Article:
Simplified Pathways for the Diagnosis and Management of Obstructive Sleep Apnea in Primary Care

Author: Ching Li Chai-Coetzer

Chai-Coetzer, Ching Li, 2012 Simplified Pathways for the Diagnosis and Management of Obstructive Sleep Apnea in Primary Care, Flinders University, School of Medicine

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Obstructive sleep apnea (OSA) is highly prevalent in the Australian community and throughout the world. With growing evidence linking OSA to adverse health consequences and development of effective therapies such as continuous positive airway pressure (CPAP), there has been a steady rise in the demand for laboratory-based sleep testing and specialist consultation. Alternative, cost-effective models of care for OSA are needed to increase patient access to sleep services. Primary care would be an ideal setting for development of a simplified strategy for OSA diagnosis and management. In the first study (Chapter 2), we developed and validated a two-step diagnostic model for moderate-to-severe OSA consisting of a screening questionnaire and overnight home oximetry. Patients aged 25 to 70 years who were seeing their general practitioner (GP) for any reason at one of 6 primary care clinics completed an Epworth Sleepiness Scale (ESS) and Berlin Questionnaire. They underwent simultaneous recording with a two-channel ApneaLink monitor and full polysomnography (PSG) to identify variables predictive of OSA and to validate the portable monitoring device. Snoring, waist circumference, apneas and age were most predictive of OSA and incorporated into a screening questionnaire (receiver operating characteristic area under curve (ROC AUC) = 0.84 [95%CI: 0.75-0.94], p<0.001). ApneaLink oximetry with a ≥3% dip rate was highly predictive of OSA (ROC AUC=0.96 [0.91-1.0], p<0.001). The two-stage diagnostic model had a sensitivity of 0.97 [0.81-1.00] and specificity of 0.87 [0.74-0.95] in the development group, and sensitivity of 0.88 [0.60-0.98] and specificity of 0.82 [0.70-0.90] in the validation group. Thus, the two-step model was shown to be accurate in identifying patients with OSA in primary care. The development and evaluation of a six-hour education program for GPs which was accredited by the Royal Australasian College of General Practitioners is described in Chapter 3. GPs completed an attitudes and knowledge questionnaire before and 2 weeks after attendance at the program, and then again after 17 to 30 months. Two weeks post-education, there were significant improvements in the level of confidence in managing OSA and CPA therapy, and an improvement in knowledge test scores. Improvements in attitudes and knowledge from baseline were sustained on long term testing. Chapter 4 details the results of a prospective, randomised controlled study conducted to evaluate the clinical efficacy and cost-effectiveness of a simplified model of care for OSA in general practice. Patients with OSA were identified by GPs using the simple two-step diagnostic strategy described in Chapter 2, and were randomised to receive either primary care management led by their GP and a community-based nurse, or usual laboratory-based care in a specialist sleep centre. For the primary outcome, mean change in ESS at 6 months, primary care management was not inferior to specialist management (4.6 vs 5.1, adjusted difference -0.6 [lower bound 95% confidence interval: -1.8], p=0.37). There were no differences in secondary outcomes, including quality of life, OSA symptoms, treatment compliance and overall patient satisfaction. Within-study costs were lower in the primary care arm, with savings of AUD$2157 (95%CI: $1293 to $3114) per patient. A simplified model of care for the diagnosis and management of OSA based in the primary care setting is efficacious and cost-effective, and has the potential to reduce the burden of untreated OSA in the community.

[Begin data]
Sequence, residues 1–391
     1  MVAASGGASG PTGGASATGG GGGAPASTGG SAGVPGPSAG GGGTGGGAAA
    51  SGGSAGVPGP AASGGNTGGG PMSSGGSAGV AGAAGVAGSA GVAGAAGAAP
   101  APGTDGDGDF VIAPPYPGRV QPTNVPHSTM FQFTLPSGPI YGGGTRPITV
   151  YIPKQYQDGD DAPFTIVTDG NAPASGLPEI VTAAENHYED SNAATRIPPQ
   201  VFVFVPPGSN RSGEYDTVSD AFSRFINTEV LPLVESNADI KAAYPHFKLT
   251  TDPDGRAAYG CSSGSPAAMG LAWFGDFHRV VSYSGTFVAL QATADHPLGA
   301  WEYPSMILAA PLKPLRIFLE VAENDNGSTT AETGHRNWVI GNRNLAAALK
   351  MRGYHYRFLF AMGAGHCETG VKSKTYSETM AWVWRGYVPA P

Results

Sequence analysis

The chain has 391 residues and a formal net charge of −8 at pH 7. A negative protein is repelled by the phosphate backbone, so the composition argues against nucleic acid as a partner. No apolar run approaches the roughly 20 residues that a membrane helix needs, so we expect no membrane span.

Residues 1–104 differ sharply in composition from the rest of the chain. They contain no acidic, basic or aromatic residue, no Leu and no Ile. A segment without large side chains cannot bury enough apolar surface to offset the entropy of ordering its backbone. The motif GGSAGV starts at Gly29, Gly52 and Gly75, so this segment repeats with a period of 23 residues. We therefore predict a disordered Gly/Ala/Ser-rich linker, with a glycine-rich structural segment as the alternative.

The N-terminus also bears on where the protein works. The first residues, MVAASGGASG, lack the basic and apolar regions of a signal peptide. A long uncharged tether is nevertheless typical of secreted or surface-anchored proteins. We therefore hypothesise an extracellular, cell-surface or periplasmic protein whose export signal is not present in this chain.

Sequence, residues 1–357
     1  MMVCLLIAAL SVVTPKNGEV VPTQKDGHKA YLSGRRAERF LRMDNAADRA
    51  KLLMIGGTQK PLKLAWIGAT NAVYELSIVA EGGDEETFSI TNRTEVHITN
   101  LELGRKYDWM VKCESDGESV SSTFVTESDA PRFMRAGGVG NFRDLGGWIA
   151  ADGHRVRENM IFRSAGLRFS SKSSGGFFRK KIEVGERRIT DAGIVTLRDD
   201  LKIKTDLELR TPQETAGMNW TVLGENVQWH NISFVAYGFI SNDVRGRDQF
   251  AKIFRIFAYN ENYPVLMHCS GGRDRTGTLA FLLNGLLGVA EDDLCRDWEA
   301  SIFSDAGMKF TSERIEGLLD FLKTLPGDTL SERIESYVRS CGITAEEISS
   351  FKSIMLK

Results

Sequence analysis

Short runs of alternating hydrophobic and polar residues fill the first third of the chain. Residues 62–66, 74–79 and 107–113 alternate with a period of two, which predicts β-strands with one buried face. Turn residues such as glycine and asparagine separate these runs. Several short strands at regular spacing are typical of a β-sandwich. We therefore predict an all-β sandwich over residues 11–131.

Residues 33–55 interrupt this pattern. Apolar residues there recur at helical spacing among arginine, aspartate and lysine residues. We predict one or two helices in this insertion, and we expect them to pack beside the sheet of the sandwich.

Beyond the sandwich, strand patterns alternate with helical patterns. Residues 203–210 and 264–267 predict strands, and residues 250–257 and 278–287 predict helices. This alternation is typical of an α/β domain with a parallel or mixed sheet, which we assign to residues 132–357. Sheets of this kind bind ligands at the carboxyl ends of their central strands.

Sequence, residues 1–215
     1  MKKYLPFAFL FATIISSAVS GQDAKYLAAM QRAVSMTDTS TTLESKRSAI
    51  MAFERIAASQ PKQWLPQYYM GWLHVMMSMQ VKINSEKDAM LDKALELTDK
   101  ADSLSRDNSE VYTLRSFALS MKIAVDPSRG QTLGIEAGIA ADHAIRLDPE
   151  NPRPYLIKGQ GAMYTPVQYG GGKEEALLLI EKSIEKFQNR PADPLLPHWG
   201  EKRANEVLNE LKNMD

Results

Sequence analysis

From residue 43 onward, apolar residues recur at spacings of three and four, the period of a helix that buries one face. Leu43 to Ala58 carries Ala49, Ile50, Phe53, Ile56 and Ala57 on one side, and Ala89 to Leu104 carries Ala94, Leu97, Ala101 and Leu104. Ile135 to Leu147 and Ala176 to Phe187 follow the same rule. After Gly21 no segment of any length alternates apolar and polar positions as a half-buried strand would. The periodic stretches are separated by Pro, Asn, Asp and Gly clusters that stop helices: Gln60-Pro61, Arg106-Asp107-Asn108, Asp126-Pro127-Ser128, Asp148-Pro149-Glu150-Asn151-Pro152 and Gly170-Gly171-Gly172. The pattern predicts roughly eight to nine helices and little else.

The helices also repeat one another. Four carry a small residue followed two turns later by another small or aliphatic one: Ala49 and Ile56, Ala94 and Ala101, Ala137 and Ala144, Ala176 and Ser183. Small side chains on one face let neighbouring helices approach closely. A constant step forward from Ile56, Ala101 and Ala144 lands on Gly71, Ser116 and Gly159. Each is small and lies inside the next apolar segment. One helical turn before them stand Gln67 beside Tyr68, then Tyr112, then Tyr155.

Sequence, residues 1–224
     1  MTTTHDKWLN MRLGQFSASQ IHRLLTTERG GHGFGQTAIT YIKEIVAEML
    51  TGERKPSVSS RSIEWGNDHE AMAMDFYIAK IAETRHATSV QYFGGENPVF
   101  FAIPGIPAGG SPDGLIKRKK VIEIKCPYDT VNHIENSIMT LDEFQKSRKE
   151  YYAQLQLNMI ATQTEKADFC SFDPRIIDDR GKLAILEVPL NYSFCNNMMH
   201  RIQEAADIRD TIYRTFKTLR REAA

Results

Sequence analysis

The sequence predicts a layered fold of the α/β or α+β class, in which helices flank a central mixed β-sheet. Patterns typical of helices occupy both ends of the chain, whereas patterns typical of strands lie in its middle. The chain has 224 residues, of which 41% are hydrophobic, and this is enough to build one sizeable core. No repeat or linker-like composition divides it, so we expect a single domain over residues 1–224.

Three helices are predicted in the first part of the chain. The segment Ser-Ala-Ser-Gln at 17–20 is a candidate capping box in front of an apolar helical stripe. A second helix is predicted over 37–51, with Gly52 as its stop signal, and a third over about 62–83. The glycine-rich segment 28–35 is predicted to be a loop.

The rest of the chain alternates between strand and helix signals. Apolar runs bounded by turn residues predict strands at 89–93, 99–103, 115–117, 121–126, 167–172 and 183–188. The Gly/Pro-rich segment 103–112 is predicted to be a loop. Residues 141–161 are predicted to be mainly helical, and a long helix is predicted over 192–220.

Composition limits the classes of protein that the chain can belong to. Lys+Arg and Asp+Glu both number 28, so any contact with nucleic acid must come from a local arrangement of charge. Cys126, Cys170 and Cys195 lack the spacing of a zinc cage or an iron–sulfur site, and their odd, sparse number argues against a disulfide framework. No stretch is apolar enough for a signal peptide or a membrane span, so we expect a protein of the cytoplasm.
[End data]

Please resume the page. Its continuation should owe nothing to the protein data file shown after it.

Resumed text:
Keywords: obstructive sleep apnea,primary care,portable monitoring,screening questionnaire,continuous positive airway pressure
Subject: Medicine thesis

Thesis type: Doctor of Philosophy
Completed: 2012
School: School of Medicine
Supervisor: Professor R Douglas McEvoy